Is it a difficult process?​ Olibanum oil is extracted from the resin of the Boswellia carterii tree by hydro-distillation. The olibanum resinoid MD is extracted from the same resin, then distilled again to purify the product. The second distillation brings out the warm, spicy, balsamic facets. 

Is there anything else you'd like to share about making the fragrance?​

When creating Penhaligon’s AlUla, I truly felt like an explorer wandering the sandy landscapes of the Trade Routes. I tried to embody the contrasting facets of AlUla itself, where the historic and the modern live together harmoniously, captured by blending the woody notes with incense.

If you could create a scent based on any location in the world, where would it be and what would it smell like?​

I’ve always been fascinated by the Uyuni Desert in Bolivia. The immensity and the natural beauty of the salt deserts is something wondrously unique. I’d create a salty, musky fragrance, playing with the different effects of light in the desert. And I’d like to capture notes that would illustrate the blurred line between earth and sky.


Further Reading

STROLLIN' DOWN SAVILE ROW Anniversaries certainly do come around like buses or, more appropriately, Rolls-Royces when one is stood on the corner of Savile Row, Mayfair. A street steeped in hist...

Read this article

CARE FOR A TIPPLE? Far be it from us to lecture, but this much we know to be true: the ties they are a-changing. Being a very British brand we thought we could step in with some very Briti...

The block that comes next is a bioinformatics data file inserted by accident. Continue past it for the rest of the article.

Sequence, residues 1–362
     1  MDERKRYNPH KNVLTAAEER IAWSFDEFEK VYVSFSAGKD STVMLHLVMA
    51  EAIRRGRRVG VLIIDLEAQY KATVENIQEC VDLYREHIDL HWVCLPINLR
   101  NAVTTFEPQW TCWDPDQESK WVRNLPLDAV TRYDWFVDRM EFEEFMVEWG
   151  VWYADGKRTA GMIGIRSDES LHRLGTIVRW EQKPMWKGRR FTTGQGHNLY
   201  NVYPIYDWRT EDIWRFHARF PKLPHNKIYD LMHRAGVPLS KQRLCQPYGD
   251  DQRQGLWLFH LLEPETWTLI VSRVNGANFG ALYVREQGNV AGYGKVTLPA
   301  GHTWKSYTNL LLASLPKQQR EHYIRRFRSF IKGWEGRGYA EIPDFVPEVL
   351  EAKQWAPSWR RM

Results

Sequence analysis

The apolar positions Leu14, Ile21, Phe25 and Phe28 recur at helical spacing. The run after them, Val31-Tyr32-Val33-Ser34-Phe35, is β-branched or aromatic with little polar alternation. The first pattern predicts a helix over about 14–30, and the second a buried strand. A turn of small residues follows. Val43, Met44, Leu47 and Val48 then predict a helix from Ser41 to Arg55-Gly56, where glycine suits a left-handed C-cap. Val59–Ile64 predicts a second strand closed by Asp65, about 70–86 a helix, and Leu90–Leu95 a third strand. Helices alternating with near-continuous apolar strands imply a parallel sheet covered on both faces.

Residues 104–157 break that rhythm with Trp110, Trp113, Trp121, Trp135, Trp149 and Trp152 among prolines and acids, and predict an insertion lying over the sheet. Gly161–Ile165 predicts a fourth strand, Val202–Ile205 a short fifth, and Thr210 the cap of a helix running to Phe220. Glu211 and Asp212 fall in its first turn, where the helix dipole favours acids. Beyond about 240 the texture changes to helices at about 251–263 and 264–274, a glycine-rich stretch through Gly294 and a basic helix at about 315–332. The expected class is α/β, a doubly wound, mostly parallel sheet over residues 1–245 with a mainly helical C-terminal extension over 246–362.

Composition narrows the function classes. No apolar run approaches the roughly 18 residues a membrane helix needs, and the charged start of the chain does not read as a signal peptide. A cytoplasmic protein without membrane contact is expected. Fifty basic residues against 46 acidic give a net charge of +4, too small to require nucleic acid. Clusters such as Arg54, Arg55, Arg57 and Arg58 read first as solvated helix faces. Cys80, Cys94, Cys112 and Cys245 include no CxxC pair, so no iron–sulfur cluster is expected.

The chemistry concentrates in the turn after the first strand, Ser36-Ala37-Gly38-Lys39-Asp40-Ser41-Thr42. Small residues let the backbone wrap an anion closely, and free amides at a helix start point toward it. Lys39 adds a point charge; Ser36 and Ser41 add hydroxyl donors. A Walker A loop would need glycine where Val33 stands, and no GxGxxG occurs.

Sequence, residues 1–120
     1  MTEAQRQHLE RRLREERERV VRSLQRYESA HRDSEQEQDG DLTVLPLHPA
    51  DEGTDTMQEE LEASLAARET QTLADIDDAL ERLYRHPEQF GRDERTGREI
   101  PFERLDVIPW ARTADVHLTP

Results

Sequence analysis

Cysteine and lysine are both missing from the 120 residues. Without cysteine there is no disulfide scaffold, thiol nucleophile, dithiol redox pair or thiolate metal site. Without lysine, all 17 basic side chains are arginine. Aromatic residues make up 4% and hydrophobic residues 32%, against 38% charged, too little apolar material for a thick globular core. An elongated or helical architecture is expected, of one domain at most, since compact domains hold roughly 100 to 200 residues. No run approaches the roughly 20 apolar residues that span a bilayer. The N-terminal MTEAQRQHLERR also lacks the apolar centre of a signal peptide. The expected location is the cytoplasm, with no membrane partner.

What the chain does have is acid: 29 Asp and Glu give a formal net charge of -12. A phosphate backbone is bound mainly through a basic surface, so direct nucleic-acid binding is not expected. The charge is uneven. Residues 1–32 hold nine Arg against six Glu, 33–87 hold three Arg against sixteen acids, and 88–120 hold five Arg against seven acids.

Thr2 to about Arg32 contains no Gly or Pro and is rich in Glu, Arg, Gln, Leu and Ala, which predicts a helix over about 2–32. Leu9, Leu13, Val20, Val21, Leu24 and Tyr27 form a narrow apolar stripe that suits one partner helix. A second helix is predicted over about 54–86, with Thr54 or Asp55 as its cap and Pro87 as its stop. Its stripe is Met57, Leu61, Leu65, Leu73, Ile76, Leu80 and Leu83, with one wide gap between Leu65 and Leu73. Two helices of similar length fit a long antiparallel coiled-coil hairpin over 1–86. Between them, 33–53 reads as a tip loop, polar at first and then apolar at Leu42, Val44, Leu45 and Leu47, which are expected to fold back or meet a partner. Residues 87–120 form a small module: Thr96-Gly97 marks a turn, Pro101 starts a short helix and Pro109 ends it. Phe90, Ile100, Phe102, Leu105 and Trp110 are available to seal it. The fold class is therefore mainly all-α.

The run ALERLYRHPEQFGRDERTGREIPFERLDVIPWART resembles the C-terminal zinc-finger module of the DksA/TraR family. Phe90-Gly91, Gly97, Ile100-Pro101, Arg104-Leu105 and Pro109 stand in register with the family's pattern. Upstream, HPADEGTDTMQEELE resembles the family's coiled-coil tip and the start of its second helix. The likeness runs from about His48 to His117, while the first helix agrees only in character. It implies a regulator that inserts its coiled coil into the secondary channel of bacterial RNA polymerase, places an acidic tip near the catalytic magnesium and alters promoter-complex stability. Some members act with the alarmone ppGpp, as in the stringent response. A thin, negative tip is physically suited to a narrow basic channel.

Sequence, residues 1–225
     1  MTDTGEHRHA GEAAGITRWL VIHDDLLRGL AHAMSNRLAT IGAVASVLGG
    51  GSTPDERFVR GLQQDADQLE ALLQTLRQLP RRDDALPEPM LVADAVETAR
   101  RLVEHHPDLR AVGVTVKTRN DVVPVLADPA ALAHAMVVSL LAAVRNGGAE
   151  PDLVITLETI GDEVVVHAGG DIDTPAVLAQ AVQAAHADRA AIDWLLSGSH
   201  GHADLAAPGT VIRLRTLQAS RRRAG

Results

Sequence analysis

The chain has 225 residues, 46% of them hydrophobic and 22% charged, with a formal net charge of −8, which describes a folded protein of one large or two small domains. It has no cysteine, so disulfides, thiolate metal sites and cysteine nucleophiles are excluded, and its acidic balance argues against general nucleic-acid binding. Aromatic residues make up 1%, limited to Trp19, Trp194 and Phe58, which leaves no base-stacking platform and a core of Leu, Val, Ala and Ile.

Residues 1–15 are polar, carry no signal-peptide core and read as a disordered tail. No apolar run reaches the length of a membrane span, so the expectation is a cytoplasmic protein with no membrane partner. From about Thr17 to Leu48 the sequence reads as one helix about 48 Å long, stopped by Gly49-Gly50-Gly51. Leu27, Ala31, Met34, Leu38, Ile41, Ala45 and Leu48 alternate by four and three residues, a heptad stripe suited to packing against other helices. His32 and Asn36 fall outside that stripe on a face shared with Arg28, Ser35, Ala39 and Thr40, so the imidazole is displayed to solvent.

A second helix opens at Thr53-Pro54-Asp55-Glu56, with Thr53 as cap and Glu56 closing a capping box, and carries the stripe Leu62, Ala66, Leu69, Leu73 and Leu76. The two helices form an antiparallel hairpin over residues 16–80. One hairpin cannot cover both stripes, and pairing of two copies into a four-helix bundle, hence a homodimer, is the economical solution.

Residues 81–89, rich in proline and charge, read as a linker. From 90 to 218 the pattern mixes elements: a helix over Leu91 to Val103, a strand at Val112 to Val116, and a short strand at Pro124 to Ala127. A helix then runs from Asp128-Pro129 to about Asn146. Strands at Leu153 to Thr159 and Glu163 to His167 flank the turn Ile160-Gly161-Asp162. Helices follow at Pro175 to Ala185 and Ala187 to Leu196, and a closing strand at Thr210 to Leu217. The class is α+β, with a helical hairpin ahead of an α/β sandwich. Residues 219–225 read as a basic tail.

Read this article

Ah, Halfeti – the jewel in Turkey’s crown. With its wonderful mix of Byzantine, Armenian, Egyptian and Ottoman heritage. And a town well-versed in trading with the world, too. Spices an...

Read this article

Back in William’s day, any self-respecting London dandy could be found bouncing around between Jermyn Street and St. James's Street. Here, a gentleman’s every tailoring and grooming need could be tend...

Read this article

An intoxicating smell as one enters. Unrivalled care and attention from fragrance experts. Every one of our boutiques has its hallmarks, but there is nothing more distinctly Penhaligon’s than our icon...

Read this article

Have you ever paused to take in the scent of a fresh rose and felt instantly uplifted? This is no mere coincidence. Floral scents are scientifically proven to make one feel happier. A fragrance ca...

Read this article

It’s been a few years since the esteemed Portraits family took permanent residence in Penhaligon’s stores around the world. The ever-growing Portraits fragrance collection continues to offer something...

Read this article

Just as wild animals mark their territory, a person’s fragrance extends the personal space they inhabit. Indeed, perfumes smell different depending on the wearer, so one must choose a fragrance tha...

Read this article

Many a work of art is greater than the sum of its parts. A painting, with its carefully composed shades, hues and textures. A piece of music, with floaty highs, sinewy middles and deep basses, coming ...

Read this article

1. Londoners are not typically known as the romantics of the world. Did you know that St Valentine’s Day was the invention of a Londoner, Geoffrey Chaucer in 1343. The 14th February or Saint V...

Read this article